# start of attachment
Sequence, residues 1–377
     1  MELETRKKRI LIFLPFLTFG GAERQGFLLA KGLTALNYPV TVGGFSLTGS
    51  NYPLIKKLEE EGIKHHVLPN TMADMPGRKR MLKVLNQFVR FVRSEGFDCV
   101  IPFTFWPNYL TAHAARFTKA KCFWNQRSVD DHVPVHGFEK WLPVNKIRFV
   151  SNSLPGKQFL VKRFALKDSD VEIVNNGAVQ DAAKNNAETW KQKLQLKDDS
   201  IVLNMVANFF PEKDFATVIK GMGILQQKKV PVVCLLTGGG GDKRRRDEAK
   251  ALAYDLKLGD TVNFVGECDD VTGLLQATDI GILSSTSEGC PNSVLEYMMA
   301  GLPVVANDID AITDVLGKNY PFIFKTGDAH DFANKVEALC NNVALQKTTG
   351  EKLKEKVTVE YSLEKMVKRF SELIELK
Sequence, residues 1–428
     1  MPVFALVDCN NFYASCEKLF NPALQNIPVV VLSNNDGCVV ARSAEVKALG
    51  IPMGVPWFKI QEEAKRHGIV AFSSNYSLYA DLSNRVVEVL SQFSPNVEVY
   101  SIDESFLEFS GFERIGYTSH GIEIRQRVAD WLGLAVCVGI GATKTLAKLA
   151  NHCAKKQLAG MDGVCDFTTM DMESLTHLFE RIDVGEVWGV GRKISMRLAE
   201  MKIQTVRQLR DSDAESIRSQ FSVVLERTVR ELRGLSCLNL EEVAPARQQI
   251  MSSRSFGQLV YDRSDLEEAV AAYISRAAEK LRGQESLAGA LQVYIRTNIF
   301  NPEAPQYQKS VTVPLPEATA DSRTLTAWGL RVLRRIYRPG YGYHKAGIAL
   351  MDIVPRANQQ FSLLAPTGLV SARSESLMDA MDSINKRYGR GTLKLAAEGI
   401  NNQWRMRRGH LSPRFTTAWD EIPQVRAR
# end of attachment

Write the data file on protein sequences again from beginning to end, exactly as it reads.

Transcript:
Sequence, residues 1–377
     1  MELETRKKRI LIFLPFLTFG GAERQGFLLA KGLTALNYPV TVGGFSLTGS
    51  NYPLIKKLEE EGIKHHVLPN TMADMPGRKR MLKVLNQFVR FVRSEGFDCV
   101  IPFTFWPNYL TAHAARFTKA KCFWNQRSVD DHVPVHGFEK WLPVNKIRFV
   151  SNSLPGKQFL VKRFALKDSD VEIVNNGAVQ DAAKNNAETW KQKLQLKDDS
   201  IVLNMVANFF PEKDFATVIK GMGILQQKKV PVVCLLTGGG GDKRRRDEAK
   251  ALAYDLKLGD TVNFVGECDD VTGLLQATDI GILSSTSEGC PNSVLEYMMA
   301  GLPVVANDID AITDVLGKNY PFIFKTGDAH DFANKVEALC NNVALQKTTG
   351  EKLKEKVTVE YSLEKMVKRF SELIELK
Sequence, residues 1–428
     1  MPVFALVDCN NFYASCEKLF NPALQNIPVV VLSNNDGCVV ARSAEVKALG
    51  IPMGVPWFKI QEEAKRHGIV AFSSNYSLYA DLSNRVVEVL SQFSPNVEVY
   101  SIDESFLEFS GFERIGYTSH GIEIRQRVAD WLGLAVCVGI GATKTLAKLA
   151  NHCAKKQLAG MDGVCDFTTM DMESLTHLFE RIDVGEVWGV GRKISMRLAE
   201  MKIQTVRQLR DSDAESIRSQ FSVVLERTVR ELRGLSCLNL EEVAPARQQI
   251  MSSRSFGQLV YDRSDLEEAV AAYISRAAEK LRGQESLAGA LQVYIRTNIF
   301  NPEAPQYQKS VTVPLPEATA DSRTLTAWGL RVLRRIYRPG YGYHKAGIAL
   351  MDIVPRANQQ FSLLAPTGLV SARSESLMDA MDSINKRYGR GTLKLAAEGI
   401  NNQWRMRRGH LSPRFTTAWD EIPQVRAR